‘Eventually when I made that decision for my family, I was still told, ‘You can’t do this,’ Harry recounted to Oprah. ‘And it’s like, ‘Well how bad does it have to get until I am allowed to do this?’ She [Markle] was going to end her life. It shouldn’t have to get to that.’

When asked if he has any regrets, he says it is not taking a stand earlier in his relationship with Markle.

‘It was like that for me so it’s going to be like that for you’: Harry criticizes his father Charles for continuing the cycle of generational suffering 

In the third episode of the series, Harry talks about how his family would not discuss their feelings, leading to more ‘generational suffering.’

‘My father used to say to me when I was younger, he used to say to both William and I, ‘Well, it was like that for me so it’s going to be like that for you,’ Harry says, ‘That doesn’t make sense. Just because you suffered, that doesn’t mean your kids have to suffer. In fact, quite the opposite. If you suffered, do everything you can to make sure that whatever negative experiences you had, you can make it right for your kids.’

‘Isn’t this all about breaking the cycle?’ he asked, rhetorically. ‘Isn’t this all about making sure that history doesn’t repeat itself.’

He said in an interview with Dax Shephard before the series aired he doesn’t blame anyone, ‘but certainly when it comes to parenting, if I’ve experienced some form of pain or suffering because of the pain or suffering that perhaps my father or my parents had suffered, I’m going to make sure I break that cycle so that I don’t pass it on, basically.

‘It’s a lot of genetic pain and suffering that gets passed on anyway so we as parents should be doing the most we can to try and say ‘you know what, that happened to me, I’m going to make sure that doesn’t happen to you’.’

He added: ‘I never saw it, I never knew about it, and then suddenly I started to piece it together and go ‘OK, so this is where he went to school, this is what happened, I know this about his life, I also know that is connected to his parents so that means he’s treated me the way he was treated, so how can I change that for my own kids’.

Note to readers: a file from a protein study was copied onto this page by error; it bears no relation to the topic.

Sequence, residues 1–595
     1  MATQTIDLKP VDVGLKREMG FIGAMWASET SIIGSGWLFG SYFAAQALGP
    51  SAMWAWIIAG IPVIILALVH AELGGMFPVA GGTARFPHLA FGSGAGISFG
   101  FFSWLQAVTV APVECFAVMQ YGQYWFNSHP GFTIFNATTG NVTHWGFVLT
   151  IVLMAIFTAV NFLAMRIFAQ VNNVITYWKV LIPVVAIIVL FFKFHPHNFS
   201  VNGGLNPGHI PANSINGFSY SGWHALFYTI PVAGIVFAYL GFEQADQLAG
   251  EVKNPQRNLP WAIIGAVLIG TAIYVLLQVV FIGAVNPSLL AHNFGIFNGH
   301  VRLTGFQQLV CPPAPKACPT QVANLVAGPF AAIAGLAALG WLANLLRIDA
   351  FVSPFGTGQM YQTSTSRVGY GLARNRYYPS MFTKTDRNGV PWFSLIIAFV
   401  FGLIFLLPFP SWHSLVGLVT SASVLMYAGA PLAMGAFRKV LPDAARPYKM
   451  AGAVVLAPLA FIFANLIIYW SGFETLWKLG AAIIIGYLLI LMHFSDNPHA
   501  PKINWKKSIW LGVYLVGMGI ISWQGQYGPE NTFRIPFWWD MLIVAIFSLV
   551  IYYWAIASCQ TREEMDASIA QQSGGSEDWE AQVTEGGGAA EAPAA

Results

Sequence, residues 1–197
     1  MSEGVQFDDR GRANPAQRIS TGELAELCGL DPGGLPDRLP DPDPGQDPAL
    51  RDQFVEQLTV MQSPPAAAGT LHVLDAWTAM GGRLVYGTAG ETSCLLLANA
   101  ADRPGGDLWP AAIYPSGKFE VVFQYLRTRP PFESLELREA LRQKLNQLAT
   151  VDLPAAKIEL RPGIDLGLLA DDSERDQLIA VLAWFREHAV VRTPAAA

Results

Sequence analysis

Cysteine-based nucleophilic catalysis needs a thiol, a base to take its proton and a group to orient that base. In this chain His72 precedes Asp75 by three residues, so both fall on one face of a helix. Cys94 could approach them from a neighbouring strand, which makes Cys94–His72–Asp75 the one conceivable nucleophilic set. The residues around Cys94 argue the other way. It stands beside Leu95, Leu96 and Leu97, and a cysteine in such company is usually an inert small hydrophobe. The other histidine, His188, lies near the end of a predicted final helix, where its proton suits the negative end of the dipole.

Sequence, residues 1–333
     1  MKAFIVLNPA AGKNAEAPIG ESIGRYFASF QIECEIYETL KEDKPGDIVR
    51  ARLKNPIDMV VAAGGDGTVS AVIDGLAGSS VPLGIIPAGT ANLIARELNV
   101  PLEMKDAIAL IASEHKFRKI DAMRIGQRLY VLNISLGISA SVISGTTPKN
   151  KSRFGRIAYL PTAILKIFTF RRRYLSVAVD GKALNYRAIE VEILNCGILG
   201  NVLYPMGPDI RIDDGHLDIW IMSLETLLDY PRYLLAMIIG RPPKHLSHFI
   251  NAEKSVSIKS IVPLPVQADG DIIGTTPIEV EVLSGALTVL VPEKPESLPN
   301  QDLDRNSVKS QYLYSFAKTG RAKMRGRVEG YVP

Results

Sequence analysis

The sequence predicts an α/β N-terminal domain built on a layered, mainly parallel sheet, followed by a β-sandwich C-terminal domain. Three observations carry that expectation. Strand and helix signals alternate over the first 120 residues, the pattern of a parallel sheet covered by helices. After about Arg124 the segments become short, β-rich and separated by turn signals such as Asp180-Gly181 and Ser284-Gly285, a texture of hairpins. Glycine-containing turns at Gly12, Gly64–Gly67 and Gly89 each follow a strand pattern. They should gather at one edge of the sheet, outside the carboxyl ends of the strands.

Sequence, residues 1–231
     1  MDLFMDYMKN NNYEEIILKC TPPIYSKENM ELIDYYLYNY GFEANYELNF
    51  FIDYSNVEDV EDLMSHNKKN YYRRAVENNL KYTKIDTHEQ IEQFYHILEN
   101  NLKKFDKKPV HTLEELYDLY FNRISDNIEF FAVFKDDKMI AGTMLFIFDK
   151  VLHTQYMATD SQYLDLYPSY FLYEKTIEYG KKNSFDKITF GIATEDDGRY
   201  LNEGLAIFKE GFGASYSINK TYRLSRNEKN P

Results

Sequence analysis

‘And here I am, I moved my whole family to the US, that wasn’t the plan but sometimes you’ve got make decisions and put your family first and put your mental health first.’    

Prince Harry suffered panic attacks and binged on drugs and drink for years to deal with his mother’s death – and says Meghan encouraged him to start therapy

But, the prince said in his new show, by the time he was 28 he would ‘freak out’ whenever he saw a camera flash or he had to get into a car, and over the weekends he ‘probably drank a week’s worth in a single day.’

He admitted he had tried drugs and alcohol to numb his pain, not realizing at the time that was what he was doing, and when people close to him told him to seek help, he would say he did not need help.

It wasn’t until he met Meghan, he said in the second episode, that he decided he needed help.

‘I knew that if I didn’t do the therapy and fix myself that I was going to lose this woman who I could see spending the rest of my life with,’ he said, recounting how Meghan first suggested he go to therapy after they got into an argument.

He said he realized early on in therapy that he had never processed the loss of his mother, and was projecting that grief onto others.

‘That was the start of a learning journey for me,’ he said. ‘I became aware that I had been living in a bubble within this family, within this institution and I was sort of almost trapped in that sort of thought process or mindset.’

Six-month pregnant Meghan shared with Harry HOW she was going to kill herself before they attended charity function at Royal Albert Hall captured in now infamous squeezing hand pictures